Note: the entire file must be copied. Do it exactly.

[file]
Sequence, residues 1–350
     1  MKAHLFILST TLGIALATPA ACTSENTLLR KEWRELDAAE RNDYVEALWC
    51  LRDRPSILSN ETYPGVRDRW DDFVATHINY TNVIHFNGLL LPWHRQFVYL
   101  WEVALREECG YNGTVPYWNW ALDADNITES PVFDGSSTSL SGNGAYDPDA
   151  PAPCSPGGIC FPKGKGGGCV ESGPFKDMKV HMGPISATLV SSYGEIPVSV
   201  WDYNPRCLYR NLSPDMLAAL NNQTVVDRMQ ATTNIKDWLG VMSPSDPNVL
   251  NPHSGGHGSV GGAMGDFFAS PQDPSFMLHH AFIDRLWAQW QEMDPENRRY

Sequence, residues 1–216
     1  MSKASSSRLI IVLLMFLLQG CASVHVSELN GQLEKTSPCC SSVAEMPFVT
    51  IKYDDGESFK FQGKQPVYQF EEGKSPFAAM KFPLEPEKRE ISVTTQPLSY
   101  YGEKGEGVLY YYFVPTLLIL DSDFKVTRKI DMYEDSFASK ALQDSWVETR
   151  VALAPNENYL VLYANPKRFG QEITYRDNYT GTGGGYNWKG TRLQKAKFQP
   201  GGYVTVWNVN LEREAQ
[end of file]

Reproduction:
Sequence, residues 1–350
     1  MKAHLFILST TLGIALATPA ACTSENTLLR KEWRELDAAE RNDYVEALWC
    51  LRDRPSILSN ETYPGVRDRW DDFVATHINY TNVIHFNGLL LPWHRQFVYL
   101  WEVALREECG YNGTVPYWNW ALDADNITES PVFDGSSTSL SGNGAYDPDA
   151  PAPCSPGGIC FPKGKGGGCV ESGPFKDMKV HMGPISATLV SSYGEIPVSV
   201  WDYNPRCLYR NLSPDMLAAL NNQTVVDRMQ ATTNIKDWLG VMSPSDPNVL
   251  NPHSGGHGSV GGAMGDFFAS PQDPSFMLHH AFIDRLWAQW QEMDPENRRY

Sequence, residues 1–216
     1  MSKASSSRLI IVLLMFLLQG CASVHVSELN GQLEKTSPCC SSVAEMPFVT
    51  IKYDDGESFK FQGKQPVYQF EEGKSPFAAM KFPLEPEKRE ISVTTQPLSY
   101  YGEKGEGVLY YYFVPTLLIL DSDFKVTRKI DMYEDSFASK ALQDSWVETR
   151  VALAPNENYL VLYANPKRFG QEITYRDNYT GTGGGYNWKG TRLQKAKFQP
   201  GGYVTVWNVN LEREAQ